A teacher, in any educational context, is a compassionate learning partner who skillfully engages in dynamic practices that enrich lives. The image of the teacher as a person who holds power above children and families is one that we need to discard permanently in order to advocate for a strong image of the child and innovative practices in Early Childhood Education. I believe the role of the teacher is rooted in love, respect, creativity and a desire to facilitate authentic connections between people and concepts. These include emotional, intellectual and creative connections between participants (children, educators & families) and technology, materials, the community and nature. It is a dynamic, deeply reflective role informed by an image of the child as capable and competent.
At one time I’d say “I may teach three year olds, but that doesn’t mean I have the intellect of a three year old” in defense of my work as an Early Childhood Educator. I now see this phrase as a disservice to efforts around advocating for an image of the child as a capable, competent protagonist in their learning experiences. Young children are brilliant and this brilliance should only serve to elevate the role of Early Childhood Educators and support a strong image of the child.
As Malaguzzi states, the role of the teacher is “complex, multifaceted, and necessarily fluid, responsive to the changing times and needs of children, families and society.” (p.148) In my circle of family and friends, I find the role of the teacher is largely regarded as a knowledgeable guide who embodies compassion and love. These considerations are inspiring, yet I believe many people -policymakers in particular- devalue the role of the teacher because they devalue women and children. Early Childhood Educators are typically women and among the lowest paid of all educators; this indicates that the role is perceived as passive, unskilled and unimportant. In a recent New York Times article about how the pandemic illuminated the need for childcare it was noted that “mainstream economists, mostly men, had argued that child care or other care work was something women did purely out of love, impossible to think about as an economic issue….“It’s women’s natural inclination or moral duty to do it,” Dr. Folbre said”. While this article doesn’t exactly make the argument that the role of the teachers is one of value, beyond providing a service that enables more women to work, it at least makes the case for one of the reasons why early childhood education is important. I’m hopeful this realization, along with President Biden’s efforts to provide universal preschool and affordable childcare, will help to bring more attention to the voices of those working to elevate the field of ECE.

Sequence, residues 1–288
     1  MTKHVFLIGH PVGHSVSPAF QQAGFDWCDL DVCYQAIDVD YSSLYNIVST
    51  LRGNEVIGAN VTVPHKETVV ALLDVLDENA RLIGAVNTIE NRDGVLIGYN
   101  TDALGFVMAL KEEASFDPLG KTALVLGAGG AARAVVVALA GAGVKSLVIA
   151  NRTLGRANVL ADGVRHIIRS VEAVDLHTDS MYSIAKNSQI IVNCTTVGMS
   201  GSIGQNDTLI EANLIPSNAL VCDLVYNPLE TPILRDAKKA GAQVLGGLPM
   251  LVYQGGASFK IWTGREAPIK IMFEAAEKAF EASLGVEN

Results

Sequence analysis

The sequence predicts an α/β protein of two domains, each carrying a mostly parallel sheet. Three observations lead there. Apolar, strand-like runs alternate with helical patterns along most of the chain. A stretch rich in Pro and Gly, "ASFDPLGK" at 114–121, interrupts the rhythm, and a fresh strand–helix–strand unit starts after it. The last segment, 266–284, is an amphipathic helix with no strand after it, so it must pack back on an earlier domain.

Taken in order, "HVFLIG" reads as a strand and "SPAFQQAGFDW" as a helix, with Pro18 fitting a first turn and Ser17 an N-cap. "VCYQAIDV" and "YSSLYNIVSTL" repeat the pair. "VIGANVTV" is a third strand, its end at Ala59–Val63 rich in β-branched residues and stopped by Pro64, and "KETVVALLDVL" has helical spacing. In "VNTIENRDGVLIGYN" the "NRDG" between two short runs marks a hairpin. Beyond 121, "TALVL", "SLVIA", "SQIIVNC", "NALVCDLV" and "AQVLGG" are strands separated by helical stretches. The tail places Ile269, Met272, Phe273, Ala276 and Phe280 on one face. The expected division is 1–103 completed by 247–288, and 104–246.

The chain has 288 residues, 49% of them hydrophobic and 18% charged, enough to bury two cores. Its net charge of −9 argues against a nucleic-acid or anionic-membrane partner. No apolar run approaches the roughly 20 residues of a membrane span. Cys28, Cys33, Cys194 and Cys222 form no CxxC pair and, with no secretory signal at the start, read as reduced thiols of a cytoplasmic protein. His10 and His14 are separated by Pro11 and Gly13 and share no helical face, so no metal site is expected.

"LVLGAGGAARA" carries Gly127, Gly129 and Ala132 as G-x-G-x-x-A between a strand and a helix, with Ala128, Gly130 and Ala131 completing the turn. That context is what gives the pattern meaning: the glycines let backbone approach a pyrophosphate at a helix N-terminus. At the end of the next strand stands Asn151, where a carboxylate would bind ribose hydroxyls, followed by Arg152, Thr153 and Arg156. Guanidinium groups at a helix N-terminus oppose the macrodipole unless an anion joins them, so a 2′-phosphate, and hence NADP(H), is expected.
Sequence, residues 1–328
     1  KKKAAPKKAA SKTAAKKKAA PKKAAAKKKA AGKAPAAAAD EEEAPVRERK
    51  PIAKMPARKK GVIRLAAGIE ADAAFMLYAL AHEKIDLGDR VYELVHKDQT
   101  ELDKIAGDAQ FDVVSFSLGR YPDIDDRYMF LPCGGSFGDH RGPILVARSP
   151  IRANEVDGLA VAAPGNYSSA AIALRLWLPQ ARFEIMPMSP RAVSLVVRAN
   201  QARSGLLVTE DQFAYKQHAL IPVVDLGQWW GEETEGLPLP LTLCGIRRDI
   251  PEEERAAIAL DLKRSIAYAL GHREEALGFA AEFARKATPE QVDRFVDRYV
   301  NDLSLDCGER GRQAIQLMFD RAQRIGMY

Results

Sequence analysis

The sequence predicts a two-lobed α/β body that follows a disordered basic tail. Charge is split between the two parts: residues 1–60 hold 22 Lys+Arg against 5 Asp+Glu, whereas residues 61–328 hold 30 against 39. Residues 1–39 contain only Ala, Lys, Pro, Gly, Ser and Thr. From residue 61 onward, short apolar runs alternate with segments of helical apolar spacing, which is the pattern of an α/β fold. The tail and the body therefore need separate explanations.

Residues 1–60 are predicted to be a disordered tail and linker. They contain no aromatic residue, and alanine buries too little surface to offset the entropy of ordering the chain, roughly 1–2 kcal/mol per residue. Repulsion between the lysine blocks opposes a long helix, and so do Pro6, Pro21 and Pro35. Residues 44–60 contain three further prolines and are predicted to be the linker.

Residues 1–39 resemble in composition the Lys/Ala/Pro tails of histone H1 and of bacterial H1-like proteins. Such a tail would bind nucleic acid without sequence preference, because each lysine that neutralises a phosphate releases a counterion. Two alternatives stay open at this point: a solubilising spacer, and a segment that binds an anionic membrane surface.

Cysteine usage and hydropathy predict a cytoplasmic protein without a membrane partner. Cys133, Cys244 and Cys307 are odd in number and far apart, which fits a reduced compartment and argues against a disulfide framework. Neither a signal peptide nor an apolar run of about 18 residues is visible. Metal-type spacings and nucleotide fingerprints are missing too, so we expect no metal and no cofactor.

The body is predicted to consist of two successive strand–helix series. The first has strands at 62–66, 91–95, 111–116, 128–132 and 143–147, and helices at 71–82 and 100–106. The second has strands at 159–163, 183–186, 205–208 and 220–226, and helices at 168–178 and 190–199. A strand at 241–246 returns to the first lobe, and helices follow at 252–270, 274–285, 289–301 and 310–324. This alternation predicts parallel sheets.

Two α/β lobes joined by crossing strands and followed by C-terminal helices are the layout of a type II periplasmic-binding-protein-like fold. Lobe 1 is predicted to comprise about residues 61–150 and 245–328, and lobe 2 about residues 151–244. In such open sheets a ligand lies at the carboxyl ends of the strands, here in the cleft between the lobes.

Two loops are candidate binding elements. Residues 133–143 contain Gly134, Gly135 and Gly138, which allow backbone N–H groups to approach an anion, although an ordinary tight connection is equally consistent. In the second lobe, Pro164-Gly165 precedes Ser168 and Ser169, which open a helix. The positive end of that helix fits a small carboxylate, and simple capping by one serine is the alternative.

I’m inspired by the phrases used by Reggio-inspired educators to describe the role of the teacher. As stated by Fraswer and Gestwicki, and quoted by Edwards, the role includes “co-constructor of knowledge, creator of environments as third teachers, exchanger of understanding, supporter of the competent child, documenter & researcher, partner with parents, listener, provocateur and negotiator of meaning.”(p.149) I also see the role as one that embodies intentional, mindful ways of being with the world and ourselves; these elements are some of the most powerful since they are necessary for every aspect of life.
I think the challenges with regard to how the role of the teacher is perceived largely have to do with issues of how women and children are perceived and thus valued. Society should view the role of the teacher as one worthy of respect and one that is connected to and influences the world beyond the classroom. I agree with Rinaldi’s statement regarding society’s “moral obligation to invest in education”(p.153) and I believe teachers should “take the attitude of researcher and listener” (p. 183) and commit to the practices of observation, documentation, reflection and constructive criticism of our ways of working so we can not only do what’s best for participants in our contexts, but also the entire field of Early Childhood Education. Considering how the role of the teacher relates to contemporary society, I agree with Gambetti that “We have a responsibility to continue moving forward and to evolve by keeping in step with a changing society.” “We owe this to children, ourselves, our community and society.” (p. 180)
There’s work to be done in elevating the image of the Early Childhood Educator, but I’m hopeful the field will experience positive changes as more people engage with innovative ECE practices, self reflection, and authentic connection with caregivers and fellow educators.
- Edwards, C., Gambetti, A., Malaguzzi, L., Rinaldi, C. (2012). The Hundred Languages of Children: The Reggio Emilia Experience in Transformation. Third Edition. (p.148, 149, 153, 180, 183) Santa Barbara, CA: Praeger.
- Peck, E (2021, May 9) Policymakers Used to Ignore Child Care. Then Came the Pandemic The New York Times